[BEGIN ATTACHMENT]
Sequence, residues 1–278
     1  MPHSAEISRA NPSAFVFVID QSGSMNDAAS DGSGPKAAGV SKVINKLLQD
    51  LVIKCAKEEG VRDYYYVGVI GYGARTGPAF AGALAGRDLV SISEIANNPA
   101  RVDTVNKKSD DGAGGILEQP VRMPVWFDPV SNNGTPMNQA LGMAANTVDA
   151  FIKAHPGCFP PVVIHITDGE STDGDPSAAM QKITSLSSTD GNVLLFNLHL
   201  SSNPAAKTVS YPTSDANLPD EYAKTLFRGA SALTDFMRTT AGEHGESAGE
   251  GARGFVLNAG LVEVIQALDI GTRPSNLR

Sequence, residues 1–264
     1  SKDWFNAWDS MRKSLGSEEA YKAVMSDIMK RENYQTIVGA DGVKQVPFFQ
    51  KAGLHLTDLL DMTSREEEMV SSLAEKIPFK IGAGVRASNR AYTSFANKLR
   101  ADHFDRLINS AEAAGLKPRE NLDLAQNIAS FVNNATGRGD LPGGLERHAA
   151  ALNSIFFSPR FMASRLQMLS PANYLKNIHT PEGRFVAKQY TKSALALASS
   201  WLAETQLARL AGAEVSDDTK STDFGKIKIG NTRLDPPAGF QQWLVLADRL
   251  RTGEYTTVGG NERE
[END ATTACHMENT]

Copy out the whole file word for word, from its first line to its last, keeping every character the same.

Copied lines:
Sequence, residues 1–278
     1  MPHSAEISRA NPSAFVFVID QSGSMNDAAS DGSGPKAAGV SKVINKLLQD
    51  LVIKCAKEEG VRDYYYVGVI GYGARTGPAF AGALAGRDLV SISEIANNPA
   101  RVDTVNKKSD DGAGGILEQP VRMPVWFDPV SNNGTPMNQA LGMAANTVDA
   151  FIKAHPGCFP PVVIHITDGE STDGDPSAAM QKITSLSSTD GNVLLFNLHL
   201  SSNPAAKTVS YPTSDANLPD EYAKTLFRGA SALTDFMRTT AGEHGESAGE
   251  GARGFVLNAG LVEVIQALDI GTRPSNLR

Sequence, residues 1–264
     1  SKDWFNAWDS MRKSLGSEEA YKAVMSDIMK RENYQTIVGA DGVKQVPFFQ
    51  KAGLHLTDLL DMTSREEEMV SSLAEKIPFK IGAGVRASNR AYTSFANKLR
   101  ADHFDRLINS AEAAGLKPRE NLDLAQNIAS FVNNATGRGD LPGGLERHAA
   151  ALNSIFFSPR FMASRLQMLS PANYLKNIHT PEGRFVAKQY TKSALALASS
   201  WLAETQLARL AGAEVSDDTK STDFGKIKIG NTRLDPPAGF QQWLVLADRL
   251  RTGEYTTVGG NERE